“Indian e-commerce industry is for the bravehearted,” Vani Kola on the sector outlook for 2013
As MD of Kalaari Capital, a venture fund which has investments like Myntra, Zivame, Snapdeal and Urban Ladder it its portfolio, Vani Kola reveals a not so rosy picture about the state of funding of e-commerce companies in India today. As the market for e-commerce grows, many Venture Capital firms are wary about committing to work with newcomers in this space. As the industry matures and with lessons from the past, Vani believes e-commerce in India needs to be redefined. Along with strong fundamental competencies, such as supply chain and logistics, Vani and Kalaari Capital are now on the lookout for newer kinds of commerce companies leveraging the internet, with a keen eye for providing customer delight.
We spoke to Vani on the current state of e-commerce in India and its future.
Too much money has gone in, not much has come back
Vani minces no words when she talks about the startup industry – It is for the bravehearted. She believes it will take a lot of effort for a startup to win in the e-commerce industry in India.
When asked about the reason for this belief, Vani says, “Well firstly, a lot of money has been put into e-commerce ventures in the past and not all of it has been returned. While there have been some acquisitions, it has usually been a large company doing consolidation. So a lot of money is locked up in these e-commerce companies and until these businesses start exiting and begin to provide investor returns, there will continue to be a struggle in this space.”
Vani also says that e-commerce verticals will be better defined, not just on the basis of the kind of goods that the portal provides, but also on the customer experience. “I think the next set of e-commerce companies will have to think about various new verticals and models. Whether it is subscription-based models, or celebrity goods commerce or anything else, we really don’t know what will be the next thing that will work in this space in the coming years.”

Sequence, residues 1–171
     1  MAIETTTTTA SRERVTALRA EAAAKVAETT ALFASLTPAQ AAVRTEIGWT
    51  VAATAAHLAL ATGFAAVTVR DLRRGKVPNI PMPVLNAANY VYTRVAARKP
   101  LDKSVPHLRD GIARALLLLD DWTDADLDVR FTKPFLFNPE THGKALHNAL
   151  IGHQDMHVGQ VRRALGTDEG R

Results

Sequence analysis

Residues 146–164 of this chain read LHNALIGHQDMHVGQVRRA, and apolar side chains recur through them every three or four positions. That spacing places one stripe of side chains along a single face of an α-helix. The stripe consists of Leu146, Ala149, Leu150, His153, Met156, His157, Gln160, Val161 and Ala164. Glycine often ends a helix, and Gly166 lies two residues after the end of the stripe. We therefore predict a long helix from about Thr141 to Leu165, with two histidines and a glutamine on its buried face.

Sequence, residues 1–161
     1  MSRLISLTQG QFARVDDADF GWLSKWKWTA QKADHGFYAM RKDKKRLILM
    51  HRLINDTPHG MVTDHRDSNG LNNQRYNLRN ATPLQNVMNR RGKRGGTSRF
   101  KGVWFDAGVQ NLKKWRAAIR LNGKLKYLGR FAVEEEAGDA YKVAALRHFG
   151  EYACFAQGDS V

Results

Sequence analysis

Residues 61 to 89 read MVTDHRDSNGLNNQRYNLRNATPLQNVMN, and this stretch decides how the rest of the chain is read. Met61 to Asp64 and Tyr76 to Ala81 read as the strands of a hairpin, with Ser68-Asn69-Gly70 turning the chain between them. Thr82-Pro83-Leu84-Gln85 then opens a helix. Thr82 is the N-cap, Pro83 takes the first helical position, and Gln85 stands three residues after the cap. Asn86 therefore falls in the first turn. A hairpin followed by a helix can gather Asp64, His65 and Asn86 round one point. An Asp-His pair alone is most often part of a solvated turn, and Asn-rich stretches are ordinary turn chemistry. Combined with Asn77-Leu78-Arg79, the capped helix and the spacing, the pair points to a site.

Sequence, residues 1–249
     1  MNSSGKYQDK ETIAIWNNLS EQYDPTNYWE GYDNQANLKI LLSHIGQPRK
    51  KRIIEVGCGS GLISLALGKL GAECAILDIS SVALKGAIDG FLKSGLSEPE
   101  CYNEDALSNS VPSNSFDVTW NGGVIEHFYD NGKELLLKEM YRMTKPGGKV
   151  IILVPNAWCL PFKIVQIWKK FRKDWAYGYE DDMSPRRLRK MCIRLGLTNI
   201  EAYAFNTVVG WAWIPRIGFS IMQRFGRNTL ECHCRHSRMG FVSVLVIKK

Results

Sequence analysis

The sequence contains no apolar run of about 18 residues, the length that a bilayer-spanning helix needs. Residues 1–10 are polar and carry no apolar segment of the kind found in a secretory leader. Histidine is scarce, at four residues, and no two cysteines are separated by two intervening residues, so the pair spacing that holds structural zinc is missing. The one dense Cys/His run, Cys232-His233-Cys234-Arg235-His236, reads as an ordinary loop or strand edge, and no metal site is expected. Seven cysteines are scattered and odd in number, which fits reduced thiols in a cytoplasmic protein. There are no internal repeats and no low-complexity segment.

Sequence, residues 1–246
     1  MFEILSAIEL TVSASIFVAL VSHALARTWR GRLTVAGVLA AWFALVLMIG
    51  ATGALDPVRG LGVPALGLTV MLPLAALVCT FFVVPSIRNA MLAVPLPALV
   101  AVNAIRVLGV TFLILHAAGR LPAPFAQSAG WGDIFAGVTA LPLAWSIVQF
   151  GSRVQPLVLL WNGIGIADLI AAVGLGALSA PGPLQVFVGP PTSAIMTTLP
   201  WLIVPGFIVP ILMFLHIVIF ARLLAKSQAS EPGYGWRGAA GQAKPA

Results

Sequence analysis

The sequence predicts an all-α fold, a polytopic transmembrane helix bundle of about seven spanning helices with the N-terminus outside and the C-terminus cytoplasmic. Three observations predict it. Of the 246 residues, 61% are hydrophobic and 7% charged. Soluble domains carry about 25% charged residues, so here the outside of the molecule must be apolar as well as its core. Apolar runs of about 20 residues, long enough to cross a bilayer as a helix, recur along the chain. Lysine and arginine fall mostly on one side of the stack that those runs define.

So does that mean higher entry barriers for startups to enter e-commerce? Vani disagrees, “I got myself an iPad the other day and it’s a beautiful device. But does that mean that no one else can start a tablet business, just because Apple is in the space? Certainly not!” However she does believe that trying to replicate what Myntra or Snapdeal does is going to be next to impossible. At the same time, she believes that if you are trying to do something different, the entry barriers will be much lower.
Vani goes on to say that a winning niche e-commerce company will either have a product or a customer experience that cannot be easily replicated. She also believes that for winners to emerge from the e-commerce space will take at least another few years.
Three mantras of e-commerce success
Vani believes that there are three defining characteristics of a successful ecommerce company. “First and foremost, an e-commerce venture must be aware of the market scenario at all times and must be willing to change very rapidly. The second mantra is to set very high targets for operational efficiency. E-commerce is not a very profitable business yet, and you have look at every possible way of cutting costs, whether it is in supply chain, logistics or customer acquisition. And the third most important aspect is to be extremely marketing savvy. In this space, creative marketing, which is cost effective, is needed.”